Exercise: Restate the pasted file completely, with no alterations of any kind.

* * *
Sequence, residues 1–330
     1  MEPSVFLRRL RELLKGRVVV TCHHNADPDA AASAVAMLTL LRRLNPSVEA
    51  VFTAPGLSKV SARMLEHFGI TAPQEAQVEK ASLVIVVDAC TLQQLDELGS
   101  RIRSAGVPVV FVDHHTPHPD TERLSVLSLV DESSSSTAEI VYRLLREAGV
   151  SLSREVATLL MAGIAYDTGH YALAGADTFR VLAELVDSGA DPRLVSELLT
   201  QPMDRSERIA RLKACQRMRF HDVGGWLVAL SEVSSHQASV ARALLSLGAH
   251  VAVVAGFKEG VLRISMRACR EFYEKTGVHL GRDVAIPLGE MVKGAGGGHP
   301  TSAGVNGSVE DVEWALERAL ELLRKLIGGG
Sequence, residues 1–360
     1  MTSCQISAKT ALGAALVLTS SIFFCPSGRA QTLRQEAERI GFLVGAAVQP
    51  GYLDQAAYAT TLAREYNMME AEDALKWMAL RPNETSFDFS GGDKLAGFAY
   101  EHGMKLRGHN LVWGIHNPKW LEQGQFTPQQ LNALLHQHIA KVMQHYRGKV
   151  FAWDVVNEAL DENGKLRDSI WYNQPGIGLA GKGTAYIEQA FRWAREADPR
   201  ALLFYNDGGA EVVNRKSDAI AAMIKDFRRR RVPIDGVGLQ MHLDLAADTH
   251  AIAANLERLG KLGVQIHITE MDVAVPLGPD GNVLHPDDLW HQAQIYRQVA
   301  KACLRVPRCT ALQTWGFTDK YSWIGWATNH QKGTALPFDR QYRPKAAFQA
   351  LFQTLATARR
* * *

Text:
Sequence, residues 1–330
     1  MEPSVFLRRL RELLKGRVVV TCHHNADPDA AASAVAMLTL LRRLNPSVEA
    51  VFTAPGLSKV SARMLEHFGI TAPQEAQVEK ASLVIVVDAC TLQQLDELGS
   101  RIRSAGVPVV FVDHHTPHPD TERLSVLSLV DESSSSTAEI VYRLLREAGV
   151  SLSREVATLL MAGIAYDTGH YALAGADTFR VLAELVDSGA DPRLVSELLT
   201  QPMDRSERIA RLKACQRMRF HDVGGWLVAL SEVSSHQASV ARALLSLGAH
   251  VAVVAGFKEG VLRISMRACR EFYEKTGVHL GRDVAIPLGE MVKGAGGGHP
   301  TSAGVNGSVE DVEWALERAL ELLRKLIGGG
Sequence, residues 1–360
     1  MTSCQISAKT ALGAALVLTS SIFFCPSGRA QTLRQEAERI GFLVGAAVQP
    51  GYLDQAAYAT TLAREYNMME AEDALKWMAL RPNETSFDFS GGDKLAGFAY
   101  EHGMKLRGHN LVWGIHNPKW LEQGQFTPQQ LNALLHQHIA KVMQHYRGKV
   151  FAWDVVNEAL DENGKLRDSI WYNQPGIGLA GKGTAYIEQA FRWAREADPR
   201  ALLFYNDGGA EVVNRKSDAI AAMIKDFRRR RVPIDGVGLQ MHLDLAADTH
   251  AIAANLERLG KLGVQIHITE MDVAVPLGPD GNVLHPDDLW HQAQIYRQVA
   301  KACLRVPRCT ALQTWGFTDK YSWIGWATNH QKGTALPFDR QYRPKAAFQA
   351  LFQTLATARR